The Hills Are Greener: The Tablet Inequality

The Hills Are Greener: The Tablet Inequality

Aug 8, 2011

I have gotten to use an Android tablet for a week and a half now. If there is anything that I have learned, it is that Apple’s penchant for design and user experience is quite overblown when comparing the iPad to Android tablets. While the iPad may have come first and sales numbers for Android tablets are struggling, Android tablets are designed to be superior usage experiences.

Android 3.x is just better designed for tablets than iOS is for the iPad. It starts on the lockscreen, where the lock is on the right side, easily accessible by the right thumb when holding the tablet with two hands. The multitasking works much better than iOS, with a virtual button for calling up a list of the most recently opened apps. This means that switching between apps works much better than iOS, where double-tapping the menu button is required to call up the multitasking dock. The notification system is designed to be unobtrusive, with notifications popping up in the bottom right of the static bar without being obtrusive. This bottom right area offers easy access to the recent notification stack, as well as quick options for brightness, rotation, wifi, and quick access to settings. The static bottom bar is always available, and is thumb-accessible. That is the best part about Android tablets -they feel like they were designed for tablet usage, far more so than iOS is for the iPad. It feels like whenever the tablet has to be held in one hand, it’s because thumb access was not impenetrable, with the exception of the keyboard; thankfully it is easy to find thumb keyboards on Android Market.

Compare this to the iPad, where the device just feels like a blown up iPhone after using an Android tablet. The OS itself is not designed for tablets. Many elements feel placed where they are because that’s where they were on the iPhone, like the lock slider being in the bottom center of the lockscreen. While Apple is making improvements, like a builtin thumb keyboard, and an improved notification system that won’t entirely interrupt apps with a small box in the center of the screen, it will still just feel like a bigger iPhone. The apps are what defines the tablet experience of the iPad, not the OS itself. While this is less of a problem with the iPad having App Store access, than the limited selection of tablet apps on the Android Market, it still feels like Apple could do more to make the iPad feel like a more natural tablet experience. Even having more apps on the homescreens like Android has would help improve the experience.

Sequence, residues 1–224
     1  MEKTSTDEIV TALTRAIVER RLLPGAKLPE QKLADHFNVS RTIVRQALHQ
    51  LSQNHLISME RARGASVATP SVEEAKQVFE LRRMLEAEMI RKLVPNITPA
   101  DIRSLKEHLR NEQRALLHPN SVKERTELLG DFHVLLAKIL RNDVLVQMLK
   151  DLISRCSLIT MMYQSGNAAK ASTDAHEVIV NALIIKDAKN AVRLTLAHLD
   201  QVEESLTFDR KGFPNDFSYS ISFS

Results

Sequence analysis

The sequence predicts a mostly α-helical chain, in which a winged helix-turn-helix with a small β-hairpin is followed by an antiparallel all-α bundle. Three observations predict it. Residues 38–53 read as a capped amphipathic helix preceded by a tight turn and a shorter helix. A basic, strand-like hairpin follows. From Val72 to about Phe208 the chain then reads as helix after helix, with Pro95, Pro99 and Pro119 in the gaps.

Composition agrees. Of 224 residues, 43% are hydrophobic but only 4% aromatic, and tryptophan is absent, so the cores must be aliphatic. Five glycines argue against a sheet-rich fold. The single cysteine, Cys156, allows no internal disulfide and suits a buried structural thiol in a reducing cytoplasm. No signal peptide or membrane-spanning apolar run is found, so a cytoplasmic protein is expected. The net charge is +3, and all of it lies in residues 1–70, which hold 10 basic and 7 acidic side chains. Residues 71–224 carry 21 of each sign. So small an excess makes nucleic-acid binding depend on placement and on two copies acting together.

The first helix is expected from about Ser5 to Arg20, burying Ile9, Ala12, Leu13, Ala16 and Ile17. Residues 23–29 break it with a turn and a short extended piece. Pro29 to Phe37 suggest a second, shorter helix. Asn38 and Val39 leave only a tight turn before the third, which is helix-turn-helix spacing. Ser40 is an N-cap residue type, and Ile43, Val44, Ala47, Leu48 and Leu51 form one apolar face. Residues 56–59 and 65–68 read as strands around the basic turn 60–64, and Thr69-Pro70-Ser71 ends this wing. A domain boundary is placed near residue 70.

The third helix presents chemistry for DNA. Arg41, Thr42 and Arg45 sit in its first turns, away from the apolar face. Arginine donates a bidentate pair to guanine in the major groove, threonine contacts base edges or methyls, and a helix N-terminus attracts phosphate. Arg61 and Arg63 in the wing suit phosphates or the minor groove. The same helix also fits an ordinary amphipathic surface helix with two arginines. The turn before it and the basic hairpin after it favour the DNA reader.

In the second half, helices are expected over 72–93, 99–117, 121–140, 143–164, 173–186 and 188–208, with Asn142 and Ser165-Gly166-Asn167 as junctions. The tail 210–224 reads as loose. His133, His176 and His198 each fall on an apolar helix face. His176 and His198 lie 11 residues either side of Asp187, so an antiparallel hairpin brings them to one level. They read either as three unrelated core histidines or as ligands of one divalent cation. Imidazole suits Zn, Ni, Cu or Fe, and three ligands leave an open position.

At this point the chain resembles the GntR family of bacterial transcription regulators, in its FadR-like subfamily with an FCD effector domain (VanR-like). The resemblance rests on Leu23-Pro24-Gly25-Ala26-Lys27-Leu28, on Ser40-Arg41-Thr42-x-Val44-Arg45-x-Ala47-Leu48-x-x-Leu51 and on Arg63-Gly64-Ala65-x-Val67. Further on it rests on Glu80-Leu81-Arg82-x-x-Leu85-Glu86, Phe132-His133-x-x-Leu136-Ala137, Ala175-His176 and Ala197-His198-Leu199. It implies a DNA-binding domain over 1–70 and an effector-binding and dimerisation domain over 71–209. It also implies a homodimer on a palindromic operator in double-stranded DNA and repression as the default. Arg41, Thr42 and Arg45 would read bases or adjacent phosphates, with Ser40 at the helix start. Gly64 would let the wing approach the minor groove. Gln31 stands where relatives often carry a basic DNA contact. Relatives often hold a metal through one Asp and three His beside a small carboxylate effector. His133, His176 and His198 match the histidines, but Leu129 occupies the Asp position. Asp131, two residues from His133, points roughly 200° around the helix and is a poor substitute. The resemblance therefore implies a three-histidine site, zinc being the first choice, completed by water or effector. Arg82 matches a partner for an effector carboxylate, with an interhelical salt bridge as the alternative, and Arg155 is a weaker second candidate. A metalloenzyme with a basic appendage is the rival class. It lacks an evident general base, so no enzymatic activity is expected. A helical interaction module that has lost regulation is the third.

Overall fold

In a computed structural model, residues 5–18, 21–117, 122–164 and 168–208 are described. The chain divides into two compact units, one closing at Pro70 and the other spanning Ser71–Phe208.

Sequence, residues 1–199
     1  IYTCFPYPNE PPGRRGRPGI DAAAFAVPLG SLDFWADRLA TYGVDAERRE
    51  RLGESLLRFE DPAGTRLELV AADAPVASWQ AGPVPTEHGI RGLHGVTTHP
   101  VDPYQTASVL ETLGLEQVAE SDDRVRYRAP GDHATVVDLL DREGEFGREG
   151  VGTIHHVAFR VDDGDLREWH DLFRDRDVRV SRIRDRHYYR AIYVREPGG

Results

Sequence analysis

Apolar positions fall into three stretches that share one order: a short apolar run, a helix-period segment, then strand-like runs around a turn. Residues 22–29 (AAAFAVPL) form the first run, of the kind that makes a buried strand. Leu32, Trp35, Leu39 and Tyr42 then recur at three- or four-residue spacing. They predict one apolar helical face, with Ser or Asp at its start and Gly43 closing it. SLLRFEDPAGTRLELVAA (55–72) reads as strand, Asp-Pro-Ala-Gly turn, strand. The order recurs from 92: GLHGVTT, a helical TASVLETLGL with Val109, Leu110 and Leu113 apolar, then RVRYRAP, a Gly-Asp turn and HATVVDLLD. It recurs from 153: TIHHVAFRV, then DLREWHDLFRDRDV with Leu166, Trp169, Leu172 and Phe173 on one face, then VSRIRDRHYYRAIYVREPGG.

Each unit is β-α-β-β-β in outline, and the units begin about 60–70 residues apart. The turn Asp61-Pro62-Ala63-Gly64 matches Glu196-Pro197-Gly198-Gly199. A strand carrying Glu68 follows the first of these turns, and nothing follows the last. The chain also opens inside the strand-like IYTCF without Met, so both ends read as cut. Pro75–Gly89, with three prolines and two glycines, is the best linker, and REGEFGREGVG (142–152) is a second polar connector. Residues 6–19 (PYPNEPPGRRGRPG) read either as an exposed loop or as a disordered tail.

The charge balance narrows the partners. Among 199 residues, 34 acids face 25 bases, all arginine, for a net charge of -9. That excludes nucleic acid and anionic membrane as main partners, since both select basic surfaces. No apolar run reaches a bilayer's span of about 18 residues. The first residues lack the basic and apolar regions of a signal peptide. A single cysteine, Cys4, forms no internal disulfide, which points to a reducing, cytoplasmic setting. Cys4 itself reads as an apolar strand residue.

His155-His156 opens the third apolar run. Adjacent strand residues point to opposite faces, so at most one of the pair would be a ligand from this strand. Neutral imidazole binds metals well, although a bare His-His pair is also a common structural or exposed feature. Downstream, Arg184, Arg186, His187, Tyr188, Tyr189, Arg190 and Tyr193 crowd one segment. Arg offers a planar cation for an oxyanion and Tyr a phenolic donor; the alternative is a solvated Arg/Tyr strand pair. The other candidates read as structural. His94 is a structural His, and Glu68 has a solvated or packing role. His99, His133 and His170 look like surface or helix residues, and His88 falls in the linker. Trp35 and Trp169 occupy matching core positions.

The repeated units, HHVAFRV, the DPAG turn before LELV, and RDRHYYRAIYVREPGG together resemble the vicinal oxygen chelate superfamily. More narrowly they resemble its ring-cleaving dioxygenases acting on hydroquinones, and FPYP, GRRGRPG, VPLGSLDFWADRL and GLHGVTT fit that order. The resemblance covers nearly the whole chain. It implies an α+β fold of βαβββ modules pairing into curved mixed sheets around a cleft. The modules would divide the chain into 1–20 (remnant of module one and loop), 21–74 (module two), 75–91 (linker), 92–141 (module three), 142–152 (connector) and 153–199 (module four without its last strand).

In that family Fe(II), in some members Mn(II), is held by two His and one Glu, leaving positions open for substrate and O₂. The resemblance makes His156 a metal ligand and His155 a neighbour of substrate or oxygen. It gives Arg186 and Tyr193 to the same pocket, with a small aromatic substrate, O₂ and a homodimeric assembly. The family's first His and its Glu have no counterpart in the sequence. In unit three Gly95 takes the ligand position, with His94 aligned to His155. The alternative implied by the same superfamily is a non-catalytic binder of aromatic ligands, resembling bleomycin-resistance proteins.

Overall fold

User experience is Apple’s strength! So why does a tablet made by Motorola and featuring a Google-designed OS feel more comfortable and natural than Apple hardware and software? The iPad I love because of the apps and games for it; my Android tablet I love because it is better to use. The apps will come. The iPad was the first major tablet, but I have learned it is not the best tablet. Android is the OS that is supposed to be rougher around the edges, yet it somehow is better as an OS?

Carter Dotson
Carter Dotson, editor of Android Rundown, has been covering Android since late 2010, and the mobile industry as a whole since 2009. Originally from Texas, he has recently moved to Chicago. He loves both iOS and Android for what they are - we can all get along!
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